Many of us have picked up old black and white photographs and wondered what their backstories are, but these artists take history into their own hands, altering the images to produce new narratives. In the following 40+ revised photographic histories, new elements are combined with the mysterious original images, giving them a sense of surreality that could then serve as the basis of an entire book if the creative chain were to continue.
Black-and-White to Colorfully Surreal by Jane Long
A figure in a found black-and-white photograph catches artist Jane Long’s eye and she begins to envision them in a new setting, giving them a story, making them somehow less anonymous. She digitally restores and colorizes each image and combines them with other photographs to create entirely new, surreal compositions. “I wanted people to see these figures as real people, more than just an old photograph. Adding color completely changes our perception of images.”
Library of Congress Images Get Horror Makeover by Jim Kazanjian
Historical photographs archived by the Library of Congress are a lot more interesting in the hands of digital artist Jim Kazanjian, who combines them in unexpected ways to create terrifying architectural creations straight out of a horror movie. “I’ve chosen photography as a medium because of the cultural misunderstanding that it has a sort of built-in objectivity. This allows me to set up a visual tension within the work, to make it resonate and lure the viewer further inside. My current series is inspired by the classic horror literature of H.P. Lovecraft, Algernon Blackwood and similar authors.”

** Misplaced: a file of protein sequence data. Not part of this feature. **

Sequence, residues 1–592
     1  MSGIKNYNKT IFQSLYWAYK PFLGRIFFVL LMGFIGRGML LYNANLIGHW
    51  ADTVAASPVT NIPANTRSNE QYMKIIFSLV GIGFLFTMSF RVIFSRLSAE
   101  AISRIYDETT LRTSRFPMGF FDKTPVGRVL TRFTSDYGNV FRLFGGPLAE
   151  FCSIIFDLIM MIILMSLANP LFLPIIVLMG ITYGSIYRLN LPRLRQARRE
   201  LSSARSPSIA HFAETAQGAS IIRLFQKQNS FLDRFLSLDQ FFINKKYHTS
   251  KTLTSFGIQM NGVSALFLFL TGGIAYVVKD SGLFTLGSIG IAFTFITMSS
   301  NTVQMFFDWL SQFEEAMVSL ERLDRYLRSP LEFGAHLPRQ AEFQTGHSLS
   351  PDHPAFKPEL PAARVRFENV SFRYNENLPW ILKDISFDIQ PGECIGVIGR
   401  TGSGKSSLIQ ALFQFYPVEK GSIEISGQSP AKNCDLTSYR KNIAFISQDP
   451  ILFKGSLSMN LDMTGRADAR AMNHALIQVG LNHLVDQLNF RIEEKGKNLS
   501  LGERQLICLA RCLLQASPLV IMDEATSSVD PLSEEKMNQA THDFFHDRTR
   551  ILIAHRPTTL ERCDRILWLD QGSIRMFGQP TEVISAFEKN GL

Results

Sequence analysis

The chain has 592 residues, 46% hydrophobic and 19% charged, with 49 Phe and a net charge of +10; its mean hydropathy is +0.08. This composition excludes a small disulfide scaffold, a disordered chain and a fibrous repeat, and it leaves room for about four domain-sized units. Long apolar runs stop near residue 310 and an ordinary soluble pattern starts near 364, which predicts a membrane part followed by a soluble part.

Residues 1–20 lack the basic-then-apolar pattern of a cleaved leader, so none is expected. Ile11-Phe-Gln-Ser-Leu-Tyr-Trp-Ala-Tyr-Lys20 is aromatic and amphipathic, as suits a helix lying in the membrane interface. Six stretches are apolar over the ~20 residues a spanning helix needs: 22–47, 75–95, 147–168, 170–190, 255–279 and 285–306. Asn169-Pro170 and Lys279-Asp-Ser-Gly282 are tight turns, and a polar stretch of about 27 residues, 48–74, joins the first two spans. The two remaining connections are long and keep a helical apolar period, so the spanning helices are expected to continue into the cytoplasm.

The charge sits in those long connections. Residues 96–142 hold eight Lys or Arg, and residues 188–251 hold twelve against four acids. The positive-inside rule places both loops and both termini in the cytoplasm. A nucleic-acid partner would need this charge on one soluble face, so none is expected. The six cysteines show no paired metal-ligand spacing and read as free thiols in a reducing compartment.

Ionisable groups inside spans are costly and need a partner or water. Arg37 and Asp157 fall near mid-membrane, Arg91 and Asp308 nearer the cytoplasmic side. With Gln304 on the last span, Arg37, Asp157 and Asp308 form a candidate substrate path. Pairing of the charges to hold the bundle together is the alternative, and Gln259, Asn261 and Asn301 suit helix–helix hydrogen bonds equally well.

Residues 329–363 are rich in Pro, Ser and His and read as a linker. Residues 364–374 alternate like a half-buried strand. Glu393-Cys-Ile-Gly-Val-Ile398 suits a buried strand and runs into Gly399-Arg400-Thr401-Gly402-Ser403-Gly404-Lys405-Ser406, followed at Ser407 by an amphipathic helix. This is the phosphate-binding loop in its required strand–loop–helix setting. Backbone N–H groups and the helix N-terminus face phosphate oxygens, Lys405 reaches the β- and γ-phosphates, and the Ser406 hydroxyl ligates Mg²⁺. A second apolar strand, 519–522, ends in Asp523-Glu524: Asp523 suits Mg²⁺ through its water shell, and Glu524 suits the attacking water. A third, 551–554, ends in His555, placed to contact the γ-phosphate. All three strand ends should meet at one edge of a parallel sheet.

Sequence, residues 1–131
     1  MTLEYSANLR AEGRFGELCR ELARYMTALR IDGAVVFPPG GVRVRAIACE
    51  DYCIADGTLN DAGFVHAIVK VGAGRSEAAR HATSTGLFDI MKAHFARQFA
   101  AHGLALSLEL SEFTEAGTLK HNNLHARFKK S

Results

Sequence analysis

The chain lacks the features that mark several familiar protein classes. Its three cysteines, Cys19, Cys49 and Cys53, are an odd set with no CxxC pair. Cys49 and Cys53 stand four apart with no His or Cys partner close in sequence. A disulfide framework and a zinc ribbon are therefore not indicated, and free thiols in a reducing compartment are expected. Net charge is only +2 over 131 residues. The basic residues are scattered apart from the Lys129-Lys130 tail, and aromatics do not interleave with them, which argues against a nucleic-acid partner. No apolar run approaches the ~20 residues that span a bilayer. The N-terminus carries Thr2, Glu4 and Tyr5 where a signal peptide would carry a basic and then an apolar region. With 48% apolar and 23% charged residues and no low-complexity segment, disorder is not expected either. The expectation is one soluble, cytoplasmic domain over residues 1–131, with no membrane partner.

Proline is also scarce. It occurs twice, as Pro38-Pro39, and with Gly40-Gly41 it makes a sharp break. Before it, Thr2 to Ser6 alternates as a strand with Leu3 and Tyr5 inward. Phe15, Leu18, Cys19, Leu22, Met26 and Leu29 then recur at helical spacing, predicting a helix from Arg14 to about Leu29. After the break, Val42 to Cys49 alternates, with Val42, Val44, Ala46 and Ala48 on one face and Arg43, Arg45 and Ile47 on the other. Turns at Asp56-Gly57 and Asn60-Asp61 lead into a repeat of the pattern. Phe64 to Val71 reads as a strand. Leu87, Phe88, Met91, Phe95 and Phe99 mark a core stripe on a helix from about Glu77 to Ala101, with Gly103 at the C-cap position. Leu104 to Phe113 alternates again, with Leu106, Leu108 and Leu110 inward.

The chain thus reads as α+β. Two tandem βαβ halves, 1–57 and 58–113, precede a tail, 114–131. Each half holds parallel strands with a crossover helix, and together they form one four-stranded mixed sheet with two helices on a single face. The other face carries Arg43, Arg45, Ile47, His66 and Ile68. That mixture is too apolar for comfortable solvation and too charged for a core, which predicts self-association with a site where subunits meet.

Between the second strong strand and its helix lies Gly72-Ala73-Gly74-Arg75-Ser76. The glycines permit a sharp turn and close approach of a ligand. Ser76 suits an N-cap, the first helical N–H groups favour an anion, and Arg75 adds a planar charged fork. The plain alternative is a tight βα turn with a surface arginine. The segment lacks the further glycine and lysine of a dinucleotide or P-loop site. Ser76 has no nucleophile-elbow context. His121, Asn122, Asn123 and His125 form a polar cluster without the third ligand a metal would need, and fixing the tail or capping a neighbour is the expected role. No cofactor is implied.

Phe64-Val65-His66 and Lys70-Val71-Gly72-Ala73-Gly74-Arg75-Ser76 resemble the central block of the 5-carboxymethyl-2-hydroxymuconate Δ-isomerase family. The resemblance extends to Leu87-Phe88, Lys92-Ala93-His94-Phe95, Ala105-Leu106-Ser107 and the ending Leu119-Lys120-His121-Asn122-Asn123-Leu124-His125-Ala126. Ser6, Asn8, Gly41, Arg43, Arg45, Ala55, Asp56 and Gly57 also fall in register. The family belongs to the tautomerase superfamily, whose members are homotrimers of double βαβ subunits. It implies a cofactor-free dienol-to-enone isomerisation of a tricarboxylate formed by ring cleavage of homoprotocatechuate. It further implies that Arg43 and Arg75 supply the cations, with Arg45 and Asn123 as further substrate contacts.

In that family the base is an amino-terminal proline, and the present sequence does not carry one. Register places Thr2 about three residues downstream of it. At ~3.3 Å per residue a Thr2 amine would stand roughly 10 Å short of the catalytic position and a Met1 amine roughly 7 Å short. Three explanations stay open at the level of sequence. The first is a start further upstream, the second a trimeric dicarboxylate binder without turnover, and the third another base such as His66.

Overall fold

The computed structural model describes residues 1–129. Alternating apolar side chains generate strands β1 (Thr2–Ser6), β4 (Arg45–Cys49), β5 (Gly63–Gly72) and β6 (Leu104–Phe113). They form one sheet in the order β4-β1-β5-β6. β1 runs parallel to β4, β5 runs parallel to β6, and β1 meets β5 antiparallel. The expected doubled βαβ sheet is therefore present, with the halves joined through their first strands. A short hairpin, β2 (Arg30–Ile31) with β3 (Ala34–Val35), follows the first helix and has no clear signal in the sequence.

Crazy Hyper-Colored Collages by Eugenia Loli
These smash-ups of vividly colored vintage photographs juxtapose entirely unexpected elements, like gigantic children riding tortoises through a city park or a war plane dropping candy instead of bombs. “I start by finding a ‘base’ image, and then I sort of build around it. Sometimes I have a concrete idea of what I want to do, and sometimes I leave the images to fit together by themselves,” says artist Eugenia Loli. “Sometimes, after a lot of juxtaposing, the ‘base’ image might not even be a part of the final collage. Most of the time I try to ‘say’ something important via my art, but other times it’s just about doodling.”
Bizarre Details Painted Onto Photos by Colin Batty
Can you imagine what the original subjects of these photos would think if they saw artist Colin Batty’s alterations? They might be a tad disturbed to see their own heads on fire or replaced by gigantic eyeballs. The artist paints with acrylics directly onto cabinet cards from the early 1900s.